The second part of the question is simple and factual:
Signing is when the executive (President, Prime Minister, or their appointed minister) indicate the country's willingness to agree to a treaty. Typically at the end of a period of inter-governmental negotiation, the governments will sign the treaty.
But in many countries (particularly democratic ones) Parliament needs to give legal force to the treaty, because the executive can't create new laws without the approval of Parliament. So the Prime Minister presents the treaty to Parliament who then pass a law to put the treaty into effect. This is called ratifying the treaty.
In multigovernment treaties, there are often clauses that state that the treaty doesn't bind the signatories until a certain number have ratified the treaty.
As an example, President Clinton signed the Kyoto Protocol, but the US Congress (in particular the Senate) didn't ratify it (Clinton didn't even bother presenting it to the Senate as they had already voted 95-0 to oppose any treaty on Kyoto-like terms), so the Kyoto Protocol has no legal status in the USA.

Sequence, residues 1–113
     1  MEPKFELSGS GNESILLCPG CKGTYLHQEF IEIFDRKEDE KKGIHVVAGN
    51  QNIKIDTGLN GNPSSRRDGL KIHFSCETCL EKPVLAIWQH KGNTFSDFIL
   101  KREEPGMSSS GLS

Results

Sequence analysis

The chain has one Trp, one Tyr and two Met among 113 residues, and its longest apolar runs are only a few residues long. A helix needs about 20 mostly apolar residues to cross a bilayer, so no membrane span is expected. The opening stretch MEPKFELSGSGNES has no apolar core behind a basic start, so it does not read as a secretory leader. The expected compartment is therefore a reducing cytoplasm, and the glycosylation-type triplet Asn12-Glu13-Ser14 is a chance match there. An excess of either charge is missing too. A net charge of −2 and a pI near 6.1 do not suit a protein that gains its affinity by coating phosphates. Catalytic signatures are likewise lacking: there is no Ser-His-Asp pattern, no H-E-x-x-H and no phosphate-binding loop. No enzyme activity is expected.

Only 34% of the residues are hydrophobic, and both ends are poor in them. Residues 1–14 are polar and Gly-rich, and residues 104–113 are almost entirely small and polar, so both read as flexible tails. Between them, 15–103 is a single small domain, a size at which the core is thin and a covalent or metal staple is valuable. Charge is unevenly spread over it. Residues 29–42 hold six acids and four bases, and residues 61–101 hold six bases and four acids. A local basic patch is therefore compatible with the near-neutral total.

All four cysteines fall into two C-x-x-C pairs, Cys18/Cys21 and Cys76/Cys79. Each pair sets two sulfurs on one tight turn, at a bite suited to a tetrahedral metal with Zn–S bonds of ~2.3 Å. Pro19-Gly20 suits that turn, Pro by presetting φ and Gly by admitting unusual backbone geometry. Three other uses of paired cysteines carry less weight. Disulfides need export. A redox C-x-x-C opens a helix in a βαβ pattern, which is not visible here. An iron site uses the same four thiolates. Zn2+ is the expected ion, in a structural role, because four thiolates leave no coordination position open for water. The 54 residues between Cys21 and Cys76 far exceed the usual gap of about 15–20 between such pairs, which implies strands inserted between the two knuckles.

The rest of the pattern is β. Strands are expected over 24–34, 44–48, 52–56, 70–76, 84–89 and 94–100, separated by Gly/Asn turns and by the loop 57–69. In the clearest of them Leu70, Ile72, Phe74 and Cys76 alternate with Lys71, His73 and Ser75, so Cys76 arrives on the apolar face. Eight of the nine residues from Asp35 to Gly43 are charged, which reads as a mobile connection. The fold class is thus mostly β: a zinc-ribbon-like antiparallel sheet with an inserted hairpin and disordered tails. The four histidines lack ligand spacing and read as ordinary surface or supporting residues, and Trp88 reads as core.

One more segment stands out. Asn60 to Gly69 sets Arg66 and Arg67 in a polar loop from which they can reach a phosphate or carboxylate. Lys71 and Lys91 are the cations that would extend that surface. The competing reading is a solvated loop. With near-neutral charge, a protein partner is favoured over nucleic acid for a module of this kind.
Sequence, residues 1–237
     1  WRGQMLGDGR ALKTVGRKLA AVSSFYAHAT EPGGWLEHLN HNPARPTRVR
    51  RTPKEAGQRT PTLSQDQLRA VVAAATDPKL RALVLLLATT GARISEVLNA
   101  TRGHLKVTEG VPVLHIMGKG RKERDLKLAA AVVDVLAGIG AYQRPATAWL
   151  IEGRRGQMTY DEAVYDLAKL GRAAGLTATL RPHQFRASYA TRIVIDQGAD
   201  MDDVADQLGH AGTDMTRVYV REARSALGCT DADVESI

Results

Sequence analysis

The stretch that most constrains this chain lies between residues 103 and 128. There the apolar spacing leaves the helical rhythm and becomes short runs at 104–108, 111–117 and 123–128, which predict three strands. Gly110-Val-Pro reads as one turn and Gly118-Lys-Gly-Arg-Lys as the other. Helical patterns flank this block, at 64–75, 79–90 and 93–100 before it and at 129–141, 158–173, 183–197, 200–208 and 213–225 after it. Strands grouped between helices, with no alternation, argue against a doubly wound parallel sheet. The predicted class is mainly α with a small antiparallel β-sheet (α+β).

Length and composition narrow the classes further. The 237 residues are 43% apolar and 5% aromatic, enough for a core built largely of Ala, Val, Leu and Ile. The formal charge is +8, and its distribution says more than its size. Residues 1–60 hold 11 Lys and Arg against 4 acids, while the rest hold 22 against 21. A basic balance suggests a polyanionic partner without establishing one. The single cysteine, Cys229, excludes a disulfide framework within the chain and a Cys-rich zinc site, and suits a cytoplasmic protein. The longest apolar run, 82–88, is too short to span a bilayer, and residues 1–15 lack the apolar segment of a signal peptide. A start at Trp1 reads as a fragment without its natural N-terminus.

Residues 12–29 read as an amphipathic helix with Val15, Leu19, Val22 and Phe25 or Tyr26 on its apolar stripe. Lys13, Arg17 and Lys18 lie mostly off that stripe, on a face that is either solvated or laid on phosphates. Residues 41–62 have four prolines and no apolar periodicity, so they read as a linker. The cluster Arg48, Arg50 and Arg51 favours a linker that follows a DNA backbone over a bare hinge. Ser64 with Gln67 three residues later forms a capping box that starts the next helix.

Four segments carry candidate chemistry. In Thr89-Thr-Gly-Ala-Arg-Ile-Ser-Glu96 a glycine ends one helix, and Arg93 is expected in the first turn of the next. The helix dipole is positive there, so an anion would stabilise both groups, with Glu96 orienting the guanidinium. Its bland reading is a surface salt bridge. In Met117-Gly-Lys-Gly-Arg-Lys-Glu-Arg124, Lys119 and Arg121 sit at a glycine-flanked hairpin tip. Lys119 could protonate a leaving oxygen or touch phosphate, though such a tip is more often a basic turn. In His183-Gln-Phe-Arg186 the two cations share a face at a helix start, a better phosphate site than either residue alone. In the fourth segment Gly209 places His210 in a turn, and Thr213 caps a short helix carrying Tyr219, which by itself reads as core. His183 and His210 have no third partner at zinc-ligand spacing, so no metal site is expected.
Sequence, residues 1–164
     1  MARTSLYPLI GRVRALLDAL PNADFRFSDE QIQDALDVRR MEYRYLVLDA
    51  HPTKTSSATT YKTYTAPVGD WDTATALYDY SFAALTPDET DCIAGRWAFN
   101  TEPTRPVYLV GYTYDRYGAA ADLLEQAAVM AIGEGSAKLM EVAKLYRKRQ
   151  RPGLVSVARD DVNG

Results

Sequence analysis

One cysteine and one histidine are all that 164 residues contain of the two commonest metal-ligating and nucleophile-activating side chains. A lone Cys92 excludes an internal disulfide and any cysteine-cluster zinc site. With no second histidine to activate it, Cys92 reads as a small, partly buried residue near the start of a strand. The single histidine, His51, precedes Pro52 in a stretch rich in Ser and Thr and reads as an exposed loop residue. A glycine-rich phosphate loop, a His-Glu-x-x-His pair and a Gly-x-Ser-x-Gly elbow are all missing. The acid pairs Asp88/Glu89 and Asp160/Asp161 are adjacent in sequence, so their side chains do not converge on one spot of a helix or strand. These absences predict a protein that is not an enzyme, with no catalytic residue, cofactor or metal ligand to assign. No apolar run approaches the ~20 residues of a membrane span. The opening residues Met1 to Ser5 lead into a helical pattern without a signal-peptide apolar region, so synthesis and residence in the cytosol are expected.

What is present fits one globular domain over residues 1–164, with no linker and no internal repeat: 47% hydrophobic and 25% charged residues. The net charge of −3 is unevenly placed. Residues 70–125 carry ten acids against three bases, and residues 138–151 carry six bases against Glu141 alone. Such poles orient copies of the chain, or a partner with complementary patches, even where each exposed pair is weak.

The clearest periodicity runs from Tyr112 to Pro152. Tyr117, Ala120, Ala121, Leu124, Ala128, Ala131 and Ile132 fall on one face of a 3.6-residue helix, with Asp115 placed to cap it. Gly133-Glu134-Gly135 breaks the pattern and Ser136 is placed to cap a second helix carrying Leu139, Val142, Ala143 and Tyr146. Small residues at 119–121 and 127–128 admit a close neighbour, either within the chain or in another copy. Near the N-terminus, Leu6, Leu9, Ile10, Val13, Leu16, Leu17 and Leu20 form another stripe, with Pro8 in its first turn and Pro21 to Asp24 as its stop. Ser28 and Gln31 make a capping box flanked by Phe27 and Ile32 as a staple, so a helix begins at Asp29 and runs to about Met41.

In the case of the Biological weapons treaty, a distinction can be made between "ratifying" the treaty (following the negotiations in the early 1970s) and "acceding" to the treaty. The treaty now does not permit any modifications to be made for the convenience of a particular state. So any countries that didn't sign the treaty in 1973, cannot now negotiate modified terms. The must accede to the treaty as it stands.
The first question, the answer has to be more vague. Israel doesn't generally publish details of its WMD programme on the internet. But the only reason to sign an international treaty is because a government feels that the treaty is in its self-interest. Therefore we say that Israel doesn't feel that this treaty would (on balance) benefit Israel, the natural assumption is that Israel has, or has had, a clandestine biological weapons programme, which they have no intention of disclosing to UN inspectors. Or they do not want the precedent of signing one WMD treaty, since they will not sign other WMD treaties.